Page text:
The second version of the Oculus Rift VR headset is expected to start arriving this week, but actually getting your hands on one is going to be tough. Over 45,000 units had been pre-ordered as of the first of this month — and of those, only 10,000 are expected to actually ship in July. If you waited even 24 hours to get your pre-order in, you might be waiting a while.
Perhaps eBay is the answer? Surely someone is selling their spot in line there, right? Yep! And Oculus is banhammering those orders.
Take, for example, this listing for an Oculus Rift DK2 pre-ordered on the first morning of availability. The asking price? $5000 (versus the headset’s original pre-order pricetag of $350).
Oculus fans, angry at the idea of anyone buying their way into a line they’d been waiting in for months, gathered up the pitchforks. In hopes of being able to gather enough information to get the pre-order canceled, they started poking the partially-anonymous reseller for more details. Within a few hours, they knew the exact time they reseller’s order had been placed.
By this afternoon, Oculus’ community manager popped in to drop the official word:
Don’t worry guys. We found him and we cancelled his order.
Shortly thereafter, the eBay listing was cancelled.
After word started spreading that resold orders were being cancelled, users began voicing concerns that they might be framed. Many early Rift DK2 buyers had shared any and all details of their pre-orders to help each other establish a shipping timeline — now they were concerned that others might use these details against them to bump their way up the line.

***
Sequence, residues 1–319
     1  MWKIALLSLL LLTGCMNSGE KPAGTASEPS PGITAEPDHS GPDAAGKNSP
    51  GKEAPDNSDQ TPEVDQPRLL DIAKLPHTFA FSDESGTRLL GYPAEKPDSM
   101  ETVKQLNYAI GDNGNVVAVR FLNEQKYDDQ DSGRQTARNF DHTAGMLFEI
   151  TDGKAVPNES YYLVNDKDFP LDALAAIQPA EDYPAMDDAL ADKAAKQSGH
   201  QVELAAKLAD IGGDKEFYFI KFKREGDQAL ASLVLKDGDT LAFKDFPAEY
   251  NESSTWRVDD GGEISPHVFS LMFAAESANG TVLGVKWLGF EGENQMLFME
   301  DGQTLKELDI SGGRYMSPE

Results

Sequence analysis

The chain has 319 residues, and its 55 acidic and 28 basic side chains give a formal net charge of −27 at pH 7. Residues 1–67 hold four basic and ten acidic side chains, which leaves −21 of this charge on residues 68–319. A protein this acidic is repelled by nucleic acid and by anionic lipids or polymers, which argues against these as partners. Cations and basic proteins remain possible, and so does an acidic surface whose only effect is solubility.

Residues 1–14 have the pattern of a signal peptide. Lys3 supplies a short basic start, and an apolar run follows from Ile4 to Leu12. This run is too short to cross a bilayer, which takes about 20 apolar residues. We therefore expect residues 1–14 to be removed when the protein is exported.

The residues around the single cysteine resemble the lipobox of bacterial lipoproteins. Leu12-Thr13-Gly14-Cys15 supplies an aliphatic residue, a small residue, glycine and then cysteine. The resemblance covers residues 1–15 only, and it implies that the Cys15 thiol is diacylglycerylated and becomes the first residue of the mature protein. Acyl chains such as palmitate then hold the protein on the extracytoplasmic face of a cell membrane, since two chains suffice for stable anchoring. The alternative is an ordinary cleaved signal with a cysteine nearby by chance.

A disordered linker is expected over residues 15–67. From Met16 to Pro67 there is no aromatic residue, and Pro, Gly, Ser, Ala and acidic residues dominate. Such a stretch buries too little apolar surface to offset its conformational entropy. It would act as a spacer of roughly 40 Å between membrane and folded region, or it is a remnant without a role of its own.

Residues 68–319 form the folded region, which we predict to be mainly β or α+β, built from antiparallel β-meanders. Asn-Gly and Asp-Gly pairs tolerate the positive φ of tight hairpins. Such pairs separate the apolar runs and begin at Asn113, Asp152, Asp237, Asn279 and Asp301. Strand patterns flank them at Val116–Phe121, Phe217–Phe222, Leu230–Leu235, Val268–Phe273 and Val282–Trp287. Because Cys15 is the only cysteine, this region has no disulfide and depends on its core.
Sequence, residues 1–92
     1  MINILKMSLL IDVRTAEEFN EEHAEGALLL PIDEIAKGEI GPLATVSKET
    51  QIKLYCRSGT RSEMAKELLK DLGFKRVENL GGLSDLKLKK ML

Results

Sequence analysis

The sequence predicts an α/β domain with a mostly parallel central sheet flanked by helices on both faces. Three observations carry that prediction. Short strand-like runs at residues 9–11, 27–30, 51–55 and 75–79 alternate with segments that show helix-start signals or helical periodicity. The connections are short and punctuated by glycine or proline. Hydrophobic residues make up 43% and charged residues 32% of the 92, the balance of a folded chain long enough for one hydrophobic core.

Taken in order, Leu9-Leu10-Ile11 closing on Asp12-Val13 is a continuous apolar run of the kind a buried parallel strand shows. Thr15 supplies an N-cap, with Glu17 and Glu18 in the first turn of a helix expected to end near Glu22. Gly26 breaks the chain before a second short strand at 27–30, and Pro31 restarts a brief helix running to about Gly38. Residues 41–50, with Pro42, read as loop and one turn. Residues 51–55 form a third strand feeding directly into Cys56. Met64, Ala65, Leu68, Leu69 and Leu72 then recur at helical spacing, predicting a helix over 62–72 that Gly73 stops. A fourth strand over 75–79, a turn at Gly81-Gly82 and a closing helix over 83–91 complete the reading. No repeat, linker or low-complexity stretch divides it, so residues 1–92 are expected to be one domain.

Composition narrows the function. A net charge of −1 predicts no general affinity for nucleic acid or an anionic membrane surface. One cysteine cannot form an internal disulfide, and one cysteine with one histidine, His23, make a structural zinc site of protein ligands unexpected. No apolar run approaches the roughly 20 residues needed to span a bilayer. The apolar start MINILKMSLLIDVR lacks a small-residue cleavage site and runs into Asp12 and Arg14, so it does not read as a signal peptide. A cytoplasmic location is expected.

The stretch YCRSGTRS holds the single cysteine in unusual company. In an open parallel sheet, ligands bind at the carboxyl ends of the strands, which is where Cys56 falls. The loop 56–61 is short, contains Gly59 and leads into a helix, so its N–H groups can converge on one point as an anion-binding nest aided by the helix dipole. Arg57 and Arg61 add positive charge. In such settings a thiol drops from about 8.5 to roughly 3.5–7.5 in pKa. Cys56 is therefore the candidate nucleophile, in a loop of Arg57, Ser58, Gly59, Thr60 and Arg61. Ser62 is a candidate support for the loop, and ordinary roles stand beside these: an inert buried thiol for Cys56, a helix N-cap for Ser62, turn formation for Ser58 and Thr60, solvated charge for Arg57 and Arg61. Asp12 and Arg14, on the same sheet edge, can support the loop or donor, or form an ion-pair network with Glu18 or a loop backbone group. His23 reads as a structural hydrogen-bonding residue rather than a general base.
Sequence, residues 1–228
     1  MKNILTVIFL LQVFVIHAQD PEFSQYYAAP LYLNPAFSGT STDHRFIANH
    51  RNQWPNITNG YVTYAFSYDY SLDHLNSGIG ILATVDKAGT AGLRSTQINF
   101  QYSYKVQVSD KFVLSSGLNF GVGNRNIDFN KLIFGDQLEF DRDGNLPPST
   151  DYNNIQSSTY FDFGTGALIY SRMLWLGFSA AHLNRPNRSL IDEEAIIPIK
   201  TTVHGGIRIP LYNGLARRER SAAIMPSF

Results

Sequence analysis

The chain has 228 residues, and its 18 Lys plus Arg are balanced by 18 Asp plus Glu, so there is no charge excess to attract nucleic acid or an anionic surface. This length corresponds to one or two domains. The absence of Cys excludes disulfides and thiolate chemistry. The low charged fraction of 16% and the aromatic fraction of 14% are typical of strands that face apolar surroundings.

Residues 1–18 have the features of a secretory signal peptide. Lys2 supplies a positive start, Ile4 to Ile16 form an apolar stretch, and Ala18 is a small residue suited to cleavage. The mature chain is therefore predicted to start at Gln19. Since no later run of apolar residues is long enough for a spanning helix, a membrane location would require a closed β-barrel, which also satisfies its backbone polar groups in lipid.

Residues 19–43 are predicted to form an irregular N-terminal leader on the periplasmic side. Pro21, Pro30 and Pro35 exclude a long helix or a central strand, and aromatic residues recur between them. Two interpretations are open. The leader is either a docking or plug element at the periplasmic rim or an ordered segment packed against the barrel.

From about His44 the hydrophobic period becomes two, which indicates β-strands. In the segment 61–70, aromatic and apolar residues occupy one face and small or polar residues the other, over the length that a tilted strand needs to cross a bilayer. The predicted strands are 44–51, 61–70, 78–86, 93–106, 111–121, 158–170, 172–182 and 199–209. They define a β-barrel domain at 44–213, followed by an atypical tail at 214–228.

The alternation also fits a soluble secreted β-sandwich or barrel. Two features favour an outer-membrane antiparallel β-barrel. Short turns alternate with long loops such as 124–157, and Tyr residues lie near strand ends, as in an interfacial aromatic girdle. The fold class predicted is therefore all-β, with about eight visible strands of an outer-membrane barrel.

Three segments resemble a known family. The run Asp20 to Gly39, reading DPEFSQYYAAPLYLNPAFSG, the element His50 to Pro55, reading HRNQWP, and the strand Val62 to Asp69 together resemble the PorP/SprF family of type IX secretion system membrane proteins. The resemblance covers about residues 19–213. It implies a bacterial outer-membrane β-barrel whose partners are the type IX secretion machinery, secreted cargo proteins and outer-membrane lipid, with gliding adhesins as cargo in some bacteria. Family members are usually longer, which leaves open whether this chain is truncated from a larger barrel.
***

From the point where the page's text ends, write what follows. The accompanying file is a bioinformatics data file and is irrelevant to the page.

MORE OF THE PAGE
Oculus’ Community Service Lead stopped in to clear things up:
Just so everyone is clear, the information provided alone was not enough to take action. We perform our own investigations with tools at our disposal to make sure that there isn’t a false positive.
Our community is awesome! Thank you for helping us make sure that we are getting kits into the hands of devs and shutting down profiteers.
Meanwhile, the company found others who seemed to have gobbled up multiple pre-orders to resell, and banned their entire orders in one fell swoop:
”Orders,” as in plural. All gone.
While Oculus’ Terms of Sale don’t seem to explicitly ban pre-order sales at this time, they do say that they can cancel orders at any time before the units are shipped. Meanwhile, this support page says that Rift DK2 resales “as they are meant for developers and are not consumer products.”
This is the second release of Oculus’ work-in-progress VR headset, but neither this unit (the DK2) nor the one that came before it (the DK1) are meant for consumers. They’re meant for developers to prep their games and apps for the day the consumerRift ships. While Oculus doesn’t make anyone jump through too many hoops to order a unit, they do make the buyer check a box acknowledging that things aren’t meant to be consumer-friendly just yet.
Of course, Oculus isn’t psychic. If someone were to play it extra safe with their pre-order details, there probably isn’t much Oculus could do about it (besides perhaps complain to eBay to try to get the listing pulled). But you certainly wouldn’t be making any friends amongst the Oculus enthusiasts that way.